Sales of new homes in 2023 will be the lowest since 15 years because of December’s downtime

The RCR new-sales volume was up 11.3% year-on year in 2023, but those for the OCR (old sales) and CCR (new sales

Urban Redevelopment Authority’s (URA’s) data from Monday, January 15, showed that developers sold 135 condos in December of 2023.

December’s sale was 83 percent lower than the 784 unit sales in November 2023. It was also 21 per cent less than the 170 unit sales in the previous month.

A seasonal year-end slump, coupled with the lack of new housing projects that were launched during the period, led to new home sales reaching their lowest level monthly since January 2009. At the time, 108 new units were sold.

Estimated sales of 6,452 new houses in 2023 were 9.1 % lower than in 2022 (7,099 homes) and less than half what was sold by developers during 2021.

This year, the number of new home sales was also the lowest in 15 years.

A combination of factors could have contributed to the sales decline last year, including property cooling measures set for April 2023 and a lack of new projects, macroeconomic uncertainties, and interest rate increases.

Experts said that the figures were encouraging, given that stamp duty will be raised for all purchasers in April of 2023 except for Singaporeans buying their first homes.

For December, there were 45 and 65 transactions in the Outside Central Region.

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PropNex’s December data showed that The Continuum and The Landmark were the two top-selling projects within the RCR City fringe areas. The Continuum saw 17 units sell at a S$2,775 median price per square foot, while The Landmark sold 13 units at S$2,853 psf.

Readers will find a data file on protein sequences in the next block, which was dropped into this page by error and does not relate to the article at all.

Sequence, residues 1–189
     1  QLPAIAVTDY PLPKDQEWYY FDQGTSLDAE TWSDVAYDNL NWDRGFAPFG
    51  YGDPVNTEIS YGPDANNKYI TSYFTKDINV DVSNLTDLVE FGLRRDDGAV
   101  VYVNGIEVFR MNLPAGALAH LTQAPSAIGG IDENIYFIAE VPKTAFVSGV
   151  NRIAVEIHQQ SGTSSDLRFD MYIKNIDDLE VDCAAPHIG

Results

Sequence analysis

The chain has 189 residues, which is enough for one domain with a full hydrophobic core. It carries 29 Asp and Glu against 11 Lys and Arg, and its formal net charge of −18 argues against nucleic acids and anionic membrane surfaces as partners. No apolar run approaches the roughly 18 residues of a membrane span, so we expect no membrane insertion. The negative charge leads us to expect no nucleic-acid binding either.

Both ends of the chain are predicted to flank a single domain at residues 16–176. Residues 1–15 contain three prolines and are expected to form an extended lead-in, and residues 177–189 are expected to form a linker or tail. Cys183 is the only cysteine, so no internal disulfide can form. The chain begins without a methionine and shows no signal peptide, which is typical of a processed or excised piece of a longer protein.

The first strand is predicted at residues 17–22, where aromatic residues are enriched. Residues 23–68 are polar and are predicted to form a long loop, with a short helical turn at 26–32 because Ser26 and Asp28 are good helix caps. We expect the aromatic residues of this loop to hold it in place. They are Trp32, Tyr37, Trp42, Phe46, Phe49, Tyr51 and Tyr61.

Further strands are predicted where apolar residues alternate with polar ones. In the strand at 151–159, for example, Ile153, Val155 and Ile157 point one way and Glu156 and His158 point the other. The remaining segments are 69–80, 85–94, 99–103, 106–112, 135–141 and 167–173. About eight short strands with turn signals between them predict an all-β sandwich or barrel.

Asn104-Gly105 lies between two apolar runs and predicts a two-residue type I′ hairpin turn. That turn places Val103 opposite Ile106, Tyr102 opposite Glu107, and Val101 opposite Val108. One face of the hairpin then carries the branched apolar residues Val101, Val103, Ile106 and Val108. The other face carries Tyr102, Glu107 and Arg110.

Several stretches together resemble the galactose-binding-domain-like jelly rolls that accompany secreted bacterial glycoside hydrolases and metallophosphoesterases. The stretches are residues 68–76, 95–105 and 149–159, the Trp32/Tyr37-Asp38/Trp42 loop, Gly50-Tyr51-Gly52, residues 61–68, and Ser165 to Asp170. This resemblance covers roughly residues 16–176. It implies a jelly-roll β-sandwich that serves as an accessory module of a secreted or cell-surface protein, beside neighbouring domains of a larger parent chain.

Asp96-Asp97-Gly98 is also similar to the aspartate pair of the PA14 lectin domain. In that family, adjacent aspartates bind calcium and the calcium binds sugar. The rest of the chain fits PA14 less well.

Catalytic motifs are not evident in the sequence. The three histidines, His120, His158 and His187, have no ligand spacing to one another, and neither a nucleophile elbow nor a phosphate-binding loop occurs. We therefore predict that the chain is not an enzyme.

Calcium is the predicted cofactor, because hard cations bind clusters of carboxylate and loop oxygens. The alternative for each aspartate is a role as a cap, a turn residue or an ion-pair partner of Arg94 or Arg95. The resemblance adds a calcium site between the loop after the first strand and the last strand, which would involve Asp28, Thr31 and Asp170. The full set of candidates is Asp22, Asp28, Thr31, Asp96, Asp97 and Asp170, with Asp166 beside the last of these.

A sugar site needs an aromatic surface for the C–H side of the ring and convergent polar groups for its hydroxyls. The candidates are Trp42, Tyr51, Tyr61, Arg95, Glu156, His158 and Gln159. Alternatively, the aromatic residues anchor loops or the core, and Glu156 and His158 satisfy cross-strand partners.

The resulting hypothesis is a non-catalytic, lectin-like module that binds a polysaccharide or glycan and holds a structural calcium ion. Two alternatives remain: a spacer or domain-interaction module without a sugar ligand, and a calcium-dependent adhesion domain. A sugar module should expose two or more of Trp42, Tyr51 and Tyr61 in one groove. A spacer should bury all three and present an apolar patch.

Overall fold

The Myst had nine units selling for S$2,199psf and J’den sold seven units at S$2,577psf.

Midtown Modern was the most popular CCR project in December of 2023. It sold six apartments at a median cost of S$2,882/sqft and S$3,258/sqft, respectively.

The total number of private home sales for the year fell to its lowest level since 2008.

The sales slump was not unexpected, since developers held off on new project launches in 2011 due to the successive cooling measures of the market and low buying sentiment.

The average rate of take-up for new projects with at least 100 units within the first one month has also declined from 64% in 2020 to 62% in 2012, and then down to 55% in 2030.

Analysts expect that approximately 7,000 to 8, 000 new private homes will be sold in 2020, an increase on the 6,452 unit sales in 2023. However this number is below the average five-year new developer sales of 9,763 housing units.

In H2 2024 the mood may improve if interest rate eases and if the economy recovers.

The first quarter could see the sale of 3,300 homes across 13 different projects.

For the entire year, RCR led the overall sales of new private homes, accounting for 3,040 (47.1%) units. The OCR followed with 1,953 (30.3%) units and CCR came in second with 1,459 (22.6%) units.

The RCR new-sales volume was up 11.3% year-on year in 2023, but those for the OCR (old sales) and CCR (new sales) were down by 21% year-on year and 23% year on.

About 32,4% of new homes in 2023 are priced between S$1.5m and S$2m, around 20,8% fall within S$2m and S$2.5m, and 18,2% fall within S$1m and S$1.5m.

Home prices below S$2.5M will still be the most popular, even 2024.

Low liquidity and smaller Budgets

Foreign purchasing demand has remained low. Foreign buyers bought four properties in November, accounting for 3 per cent of monthly sales. However, this is still higher than the 1.8 percent or 14 caveats recorded in November.

There were approximately 235 foreign purchases from January to may 2023. In the period from June 2023 to December 2023, this number dropped to just 80 transactions. The ABSD increase on foreigners took away a significant portion of demand, he said. From end-April, the Additional Buyers’ Stamp Duty that foreign buyers pay on residential property increased from 30 to 60 percent.

For the full calendar year, foreigners’ share of private home purchases (non permanent residents) decreased from 7.1 percent in 2022 down to 5 percent in 2023.

URA Realis data revealed that there were two non landed homes, at Watten House, which transacted for over S$10 million. Meanwhile, six of them were sold in December 2020 for at least S$5 millions.

As HDB flats are being sold at lower valuations, there may be a decline in the demand for private housing by 2024.

He added that lower liquidity levels and smaller budgets could limit the demand from upgraders for private housing.

The government has awarded 20 projects for the launch of new housing units. URA data indicated that 7,911 (including ECs and ECs) new units were launched last.

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